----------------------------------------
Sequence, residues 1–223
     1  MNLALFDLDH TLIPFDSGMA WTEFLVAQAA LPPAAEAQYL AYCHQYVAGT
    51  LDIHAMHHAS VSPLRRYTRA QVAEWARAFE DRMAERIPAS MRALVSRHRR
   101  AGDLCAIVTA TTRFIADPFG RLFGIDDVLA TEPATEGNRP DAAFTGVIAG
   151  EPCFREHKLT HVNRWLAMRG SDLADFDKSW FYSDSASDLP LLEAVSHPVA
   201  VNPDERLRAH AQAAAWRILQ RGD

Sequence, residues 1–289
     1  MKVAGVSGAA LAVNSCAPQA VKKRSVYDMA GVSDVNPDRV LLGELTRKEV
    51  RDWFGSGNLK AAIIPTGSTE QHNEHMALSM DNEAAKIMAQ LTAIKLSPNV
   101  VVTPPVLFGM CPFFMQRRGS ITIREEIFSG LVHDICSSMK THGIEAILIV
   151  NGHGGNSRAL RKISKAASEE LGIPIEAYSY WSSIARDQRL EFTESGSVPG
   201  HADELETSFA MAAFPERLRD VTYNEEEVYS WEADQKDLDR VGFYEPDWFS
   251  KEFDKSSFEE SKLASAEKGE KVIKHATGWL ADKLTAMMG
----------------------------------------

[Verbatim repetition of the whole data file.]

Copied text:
Sequence, residues 1–223
     1  MNLALFDLDH TLIPFDSGMA WTEFLVAQAA LPPAAEAQYL AYCHQYVAGT
    51  LDIHAMHHAS VSPLRRYTRA QVAEWARAFE DRMAERIPAS MRALVSRHRR
   101  AGDLCAIVTA TTRFIADPFG RLFGIDDVLA TEPATEGNRP DAAFTGVIAG
   151  EPCFREHKLT HVNRWLAMRG SDLADFDKSW FYSDSASDLP LLEAVSHPVA
   201  VNPDERLRAH AQAAAWRILQ RGD

Sequence, residues 1–289
     1  MKVAGVSGAA LAVNSCAPQA VKKRSVYDMA GVSDVNPDRV LLGELTRKEV
    51  RDWFGSGNLK AAIIPTGSTE QHNEHMALSM DNEAAKIMAQ LTAIKLSPNV
   101  VVTPPVLFGM CPFFMQRRGS ITIREEIFSG LVHDICSSMK THGIEAILIV
   151  NGHGGNSRAL RKISKAASEE LGIPIEAYSY WSSIARDQRL EFTESGSVPG
   201  HADELETSFA MAAFPERLRD VTYNEEEVYS WEADQKDLDR VGFYEPDWFS
   251  KEFDKSSFEE SKLASAEKGE KVIKHATGWL ADKLTAMMG